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Not to be deterred by small things like the Constitution, Dart decided to attempt an outside the box tactic.
He wrote letters to the top executives of Visa and Master Card, asking them to suspend payment processing to Backpage for “moral, social and legal reasons…to help protect vulnerable and victimized women and children.” This tactic worked, faster than even Dart could have dared to dream.
Although the suit was unsuccessful, the site ultimately submitted to the pressure, voluntarily shutting down its erotic services section in 2010.
The last several years have been good to anti-sex work interests, who have successfully reframed their crusade from being against prostitution to being against “sexual slavery.” The political climate has shifted from the now unpopular War on Drugs to the War on Sex Trafficking, with harsh laws such as C-36 in Canada and the Justice for Victims of Trafficking Act in the United States funding increased policing in the name of “protecting children” and “ending exploitation.” These laws and their advocates conflate consensual sex work with human trafficking, and in practice mainly target adult sex workers and their clients, making it harder for them to do business and stay safe.
This week, after an informal request from a law enforcement officer, Visa and Master Card announced that they would no longer let their cards be used to process payments to Backpage.com, the most widely used site for adult advertising in the United States.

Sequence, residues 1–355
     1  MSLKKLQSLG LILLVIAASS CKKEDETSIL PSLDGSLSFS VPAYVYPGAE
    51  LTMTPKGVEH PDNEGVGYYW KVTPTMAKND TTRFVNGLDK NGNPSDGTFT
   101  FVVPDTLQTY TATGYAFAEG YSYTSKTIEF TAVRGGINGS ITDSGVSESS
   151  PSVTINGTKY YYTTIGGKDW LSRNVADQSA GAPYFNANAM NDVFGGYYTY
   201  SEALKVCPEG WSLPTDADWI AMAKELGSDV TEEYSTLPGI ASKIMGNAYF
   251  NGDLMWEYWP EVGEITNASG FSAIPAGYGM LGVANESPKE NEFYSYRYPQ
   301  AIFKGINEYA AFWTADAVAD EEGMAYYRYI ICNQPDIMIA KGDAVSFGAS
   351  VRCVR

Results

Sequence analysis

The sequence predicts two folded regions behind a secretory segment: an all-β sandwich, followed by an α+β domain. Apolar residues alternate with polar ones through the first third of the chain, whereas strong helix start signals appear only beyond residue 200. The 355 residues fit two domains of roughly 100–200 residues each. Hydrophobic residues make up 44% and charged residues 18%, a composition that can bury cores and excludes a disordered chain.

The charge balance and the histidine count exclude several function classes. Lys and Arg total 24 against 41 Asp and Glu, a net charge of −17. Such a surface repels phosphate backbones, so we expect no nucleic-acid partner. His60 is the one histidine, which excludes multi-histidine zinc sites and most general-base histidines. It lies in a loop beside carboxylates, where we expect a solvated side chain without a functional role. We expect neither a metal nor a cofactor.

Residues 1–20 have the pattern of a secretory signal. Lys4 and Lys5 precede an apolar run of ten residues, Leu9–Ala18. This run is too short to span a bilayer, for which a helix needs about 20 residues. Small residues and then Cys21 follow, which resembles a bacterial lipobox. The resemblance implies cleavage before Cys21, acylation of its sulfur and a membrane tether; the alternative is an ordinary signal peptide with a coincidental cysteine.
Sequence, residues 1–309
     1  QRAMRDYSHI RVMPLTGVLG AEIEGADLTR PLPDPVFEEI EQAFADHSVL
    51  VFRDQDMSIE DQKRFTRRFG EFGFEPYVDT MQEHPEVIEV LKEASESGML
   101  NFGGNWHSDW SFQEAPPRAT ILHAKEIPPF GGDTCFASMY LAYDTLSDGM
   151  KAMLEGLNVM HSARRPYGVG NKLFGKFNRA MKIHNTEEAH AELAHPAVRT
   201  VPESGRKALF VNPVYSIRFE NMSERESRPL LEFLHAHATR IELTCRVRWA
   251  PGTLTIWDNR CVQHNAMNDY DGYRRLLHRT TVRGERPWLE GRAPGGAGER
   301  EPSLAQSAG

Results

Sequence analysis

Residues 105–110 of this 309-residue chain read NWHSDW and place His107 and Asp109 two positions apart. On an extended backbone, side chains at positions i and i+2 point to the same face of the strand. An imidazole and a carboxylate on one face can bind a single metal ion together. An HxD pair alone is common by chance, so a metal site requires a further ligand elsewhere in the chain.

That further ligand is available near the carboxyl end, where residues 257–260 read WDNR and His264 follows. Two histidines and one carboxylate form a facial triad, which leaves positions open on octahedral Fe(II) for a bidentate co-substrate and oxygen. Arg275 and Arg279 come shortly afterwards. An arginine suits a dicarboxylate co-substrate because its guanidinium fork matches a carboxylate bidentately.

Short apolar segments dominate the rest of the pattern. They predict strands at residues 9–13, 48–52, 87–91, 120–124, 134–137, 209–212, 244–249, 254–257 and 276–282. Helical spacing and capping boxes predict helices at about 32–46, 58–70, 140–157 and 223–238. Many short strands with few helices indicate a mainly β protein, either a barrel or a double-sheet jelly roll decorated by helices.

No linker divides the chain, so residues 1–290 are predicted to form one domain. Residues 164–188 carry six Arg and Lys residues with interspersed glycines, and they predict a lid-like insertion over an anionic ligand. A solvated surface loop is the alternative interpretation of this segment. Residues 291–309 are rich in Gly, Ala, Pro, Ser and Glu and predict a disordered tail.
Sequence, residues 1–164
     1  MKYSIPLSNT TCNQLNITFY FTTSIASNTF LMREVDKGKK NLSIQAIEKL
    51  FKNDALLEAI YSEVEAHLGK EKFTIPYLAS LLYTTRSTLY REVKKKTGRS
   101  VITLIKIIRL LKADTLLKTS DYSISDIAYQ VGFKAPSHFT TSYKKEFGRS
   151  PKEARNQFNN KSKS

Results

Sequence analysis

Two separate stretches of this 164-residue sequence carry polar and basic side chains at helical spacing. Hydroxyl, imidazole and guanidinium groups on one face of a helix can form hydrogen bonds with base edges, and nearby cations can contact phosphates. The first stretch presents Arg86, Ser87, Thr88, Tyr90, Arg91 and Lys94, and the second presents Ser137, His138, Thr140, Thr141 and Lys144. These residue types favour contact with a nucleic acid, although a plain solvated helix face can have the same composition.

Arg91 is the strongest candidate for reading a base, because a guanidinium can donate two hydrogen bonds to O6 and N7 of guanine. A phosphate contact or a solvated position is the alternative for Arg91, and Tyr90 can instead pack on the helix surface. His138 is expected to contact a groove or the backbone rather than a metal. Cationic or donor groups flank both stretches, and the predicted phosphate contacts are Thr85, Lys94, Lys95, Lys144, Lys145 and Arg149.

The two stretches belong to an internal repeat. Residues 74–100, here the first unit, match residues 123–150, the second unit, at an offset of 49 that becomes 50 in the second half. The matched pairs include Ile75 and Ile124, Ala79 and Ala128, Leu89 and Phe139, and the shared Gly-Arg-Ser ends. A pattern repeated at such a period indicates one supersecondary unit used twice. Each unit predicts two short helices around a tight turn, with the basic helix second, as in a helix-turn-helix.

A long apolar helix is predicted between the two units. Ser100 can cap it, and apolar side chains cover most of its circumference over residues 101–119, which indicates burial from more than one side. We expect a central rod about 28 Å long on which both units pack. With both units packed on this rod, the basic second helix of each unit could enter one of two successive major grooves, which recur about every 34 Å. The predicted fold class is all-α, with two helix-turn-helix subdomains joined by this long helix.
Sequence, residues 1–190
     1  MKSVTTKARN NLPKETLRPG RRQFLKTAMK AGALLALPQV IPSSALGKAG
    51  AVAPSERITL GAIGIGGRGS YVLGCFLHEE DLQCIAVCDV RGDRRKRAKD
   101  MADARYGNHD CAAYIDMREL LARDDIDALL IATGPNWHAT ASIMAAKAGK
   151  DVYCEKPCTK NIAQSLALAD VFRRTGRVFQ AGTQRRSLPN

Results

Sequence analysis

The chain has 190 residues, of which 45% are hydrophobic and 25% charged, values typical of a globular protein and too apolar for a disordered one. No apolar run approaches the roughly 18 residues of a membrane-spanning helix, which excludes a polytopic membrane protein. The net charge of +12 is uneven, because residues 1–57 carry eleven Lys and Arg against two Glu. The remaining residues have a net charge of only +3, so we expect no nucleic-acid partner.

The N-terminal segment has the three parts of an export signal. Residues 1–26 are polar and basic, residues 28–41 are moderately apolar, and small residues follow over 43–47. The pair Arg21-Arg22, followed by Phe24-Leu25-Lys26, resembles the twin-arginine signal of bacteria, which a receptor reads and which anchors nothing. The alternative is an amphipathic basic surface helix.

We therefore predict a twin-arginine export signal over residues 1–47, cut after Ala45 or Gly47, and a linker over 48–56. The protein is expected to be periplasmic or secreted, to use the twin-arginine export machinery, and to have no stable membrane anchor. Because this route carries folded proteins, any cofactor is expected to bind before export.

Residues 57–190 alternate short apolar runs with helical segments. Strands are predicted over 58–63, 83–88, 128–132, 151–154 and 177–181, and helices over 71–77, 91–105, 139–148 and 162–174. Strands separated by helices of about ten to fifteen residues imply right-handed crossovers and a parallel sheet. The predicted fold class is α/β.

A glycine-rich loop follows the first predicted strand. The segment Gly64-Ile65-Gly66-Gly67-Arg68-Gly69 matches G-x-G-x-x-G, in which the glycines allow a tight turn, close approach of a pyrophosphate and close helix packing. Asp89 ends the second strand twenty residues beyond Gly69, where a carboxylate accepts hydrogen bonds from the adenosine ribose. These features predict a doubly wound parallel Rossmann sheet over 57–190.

American Express had already pulled out earlier in the year.
The war against sex workers mirrors the war on the poor more generally, and those who are members of more criminalized populations get targeted more harshly.
And what the site itself was doing was legally protected, as courts had found time and time again. Anti-sex work advocates were thrilled with the response, hailing the circumvention of due process as a “progressive” way of going after the site since everything else they had tried had failed to stand up to scrutiny.
Dart himself declared it “a great day for all who are engaged in the anti-sex trafficking struggle,” since the companies pulling out would “make the average trafficker or pimp’s life much more difficult.” If anything, the new restrictions will make it easier for the few traffickers or pimps on Backpage to hide, by making it so that people can only pay for advertising via anonymous means instead of traceable ones with their names and information attached.
But efforts to combat sex work under the guise of trafficking are often counterproductive to their stated purpose.
What is new, and alarming, is the precedent this sets.